The birds are singing to each other now. Quiet songs, evening songs. The Village is beginning its transformation from day to night. A trio of people in their 20s zoom past on bikes, laughing loudly; the man in front looks over and tips his ballcap at me which, in the moment, seems oddly charming.
On the play structure nearby, a mom readies her son to go home. She turns to a tiny girl, no more than three years old, who has been cavorting with them on the slide. "Nice to meet you," the mom says, bending a little to get closer. The girl runs off to find another adventure, squealing happily in her perfect little dress.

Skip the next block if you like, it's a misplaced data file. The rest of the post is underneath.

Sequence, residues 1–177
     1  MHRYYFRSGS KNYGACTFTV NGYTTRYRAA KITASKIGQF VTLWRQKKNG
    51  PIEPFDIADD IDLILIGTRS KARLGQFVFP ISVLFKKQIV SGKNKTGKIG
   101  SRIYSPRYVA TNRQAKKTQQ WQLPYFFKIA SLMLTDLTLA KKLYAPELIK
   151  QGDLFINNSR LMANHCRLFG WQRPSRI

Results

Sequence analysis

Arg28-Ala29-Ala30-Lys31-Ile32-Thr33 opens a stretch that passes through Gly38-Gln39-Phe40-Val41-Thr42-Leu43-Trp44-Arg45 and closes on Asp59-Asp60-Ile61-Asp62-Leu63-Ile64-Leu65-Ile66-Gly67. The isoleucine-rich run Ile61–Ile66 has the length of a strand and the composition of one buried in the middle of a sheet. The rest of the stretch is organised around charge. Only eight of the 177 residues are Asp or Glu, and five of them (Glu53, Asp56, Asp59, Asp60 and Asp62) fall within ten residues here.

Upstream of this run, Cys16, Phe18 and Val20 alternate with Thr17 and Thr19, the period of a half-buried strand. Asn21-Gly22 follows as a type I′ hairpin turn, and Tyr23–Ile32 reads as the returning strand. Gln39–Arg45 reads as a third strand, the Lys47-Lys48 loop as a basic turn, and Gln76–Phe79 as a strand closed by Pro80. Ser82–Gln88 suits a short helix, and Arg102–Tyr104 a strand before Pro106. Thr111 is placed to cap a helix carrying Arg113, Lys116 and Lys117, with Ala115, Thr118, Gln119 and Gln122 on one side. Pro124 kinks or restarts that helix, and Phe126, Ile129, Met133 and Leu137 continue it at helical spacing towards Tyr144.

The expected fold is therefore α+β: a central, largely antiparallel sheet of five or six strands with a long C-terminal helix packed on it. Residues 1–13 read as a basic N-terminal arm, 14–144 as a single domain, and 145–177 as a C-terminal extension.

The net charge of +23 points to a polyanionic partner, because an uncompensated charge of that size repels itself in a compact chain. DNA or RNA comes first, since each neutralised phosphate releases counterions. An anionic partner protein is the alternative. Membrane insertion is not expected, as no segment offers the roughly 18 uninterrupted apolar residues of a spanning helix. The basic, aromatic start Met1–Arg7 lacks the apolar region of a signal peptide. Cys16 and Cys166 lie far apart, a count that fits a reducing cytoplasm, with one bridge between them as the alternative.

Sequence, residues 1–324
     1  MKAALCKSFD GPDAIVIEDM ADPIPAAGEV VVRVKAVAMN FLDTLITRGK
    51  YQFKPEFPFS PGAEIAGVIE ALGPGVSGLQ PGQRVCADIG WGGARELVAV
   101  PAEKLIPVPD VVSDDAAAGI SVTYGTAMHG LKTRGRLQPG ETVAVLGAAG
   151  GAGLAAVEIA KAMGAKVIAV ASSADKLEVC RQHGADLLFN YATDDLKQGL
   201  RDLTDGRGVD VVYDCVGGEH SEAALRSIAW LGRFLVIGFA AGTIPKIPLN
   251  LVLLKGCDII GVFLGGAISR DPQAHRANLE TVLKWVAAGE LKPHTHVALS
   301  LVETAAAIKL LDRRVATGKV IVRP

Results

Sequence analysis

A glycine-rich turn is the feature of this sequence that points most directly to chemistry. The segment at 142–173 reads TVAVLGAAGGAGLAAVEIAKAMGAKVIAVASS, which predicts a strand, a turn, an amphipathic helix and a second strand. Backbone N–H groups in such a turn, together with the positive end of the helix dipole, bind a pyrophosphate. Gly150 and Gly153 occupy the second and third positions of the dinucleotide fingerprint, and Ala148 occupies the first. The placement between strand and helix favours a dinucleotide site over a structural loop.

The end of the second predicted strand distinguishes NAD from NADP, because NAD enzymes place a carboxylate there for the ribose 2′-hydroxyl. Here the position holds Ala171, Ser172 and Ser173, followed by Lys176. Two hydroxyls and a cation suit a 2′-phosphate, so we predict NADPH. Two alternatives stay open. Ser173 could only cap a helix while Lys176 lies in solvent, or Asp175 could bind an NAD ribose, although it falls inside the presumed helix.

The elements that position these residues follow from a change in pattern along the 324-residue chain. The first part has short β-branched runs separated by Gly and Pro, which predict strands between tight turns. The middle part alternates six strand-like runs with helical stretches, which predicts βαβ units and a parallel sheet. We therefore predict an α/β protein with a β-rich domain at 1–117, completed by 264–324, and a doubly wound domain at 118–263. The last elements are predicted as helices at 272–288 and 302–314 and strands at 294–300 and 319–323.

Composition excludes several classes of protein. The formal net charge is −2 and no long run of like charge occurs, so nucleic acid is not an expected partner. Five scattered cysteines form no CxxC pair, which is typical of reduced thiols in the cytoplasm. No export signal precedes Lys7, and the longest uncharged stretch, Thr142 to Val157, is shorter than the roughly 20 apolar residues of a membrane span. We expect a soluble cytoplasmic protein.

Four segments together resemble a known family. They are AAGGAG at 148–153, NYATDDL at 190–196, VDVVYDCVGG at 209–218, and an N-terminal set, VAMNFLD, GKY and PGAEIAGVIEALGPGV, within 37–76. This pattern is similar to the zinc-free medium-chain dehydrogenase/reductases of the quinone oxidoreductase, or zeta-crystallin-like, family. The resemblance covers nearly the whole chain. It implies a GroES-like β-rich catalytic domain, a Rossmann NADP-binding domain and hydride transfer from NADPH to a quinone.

There is nothing special about this, and there is nothing less special.
This is all I know: for a few hours here, at the edge of evening on an otherwise unremarkable day in July 2020, in the middle of a pandemic, in the middle of an ongoing wave of global protest, in the middle of unrest and dysfunction and injustice and dislocation, there is still this. There is always this. A place to remember the reason we try.
On the other side of the river, the piping of yellow sunlight slips at last behind the tops of the trees. A dimness falls over the park, though not yet a darkness, it is still easy to see. The mosquitoes emerge in earnest now, finding the rips in my jeans to eagerly feast on bared knees. I scratch and smack and don’t even begrudge them.
We’re all doing just what we’ve learned how to do. We’re all doing just what we know to get by.
Melissa Martin reports and opines for the Winnipeg Free Press.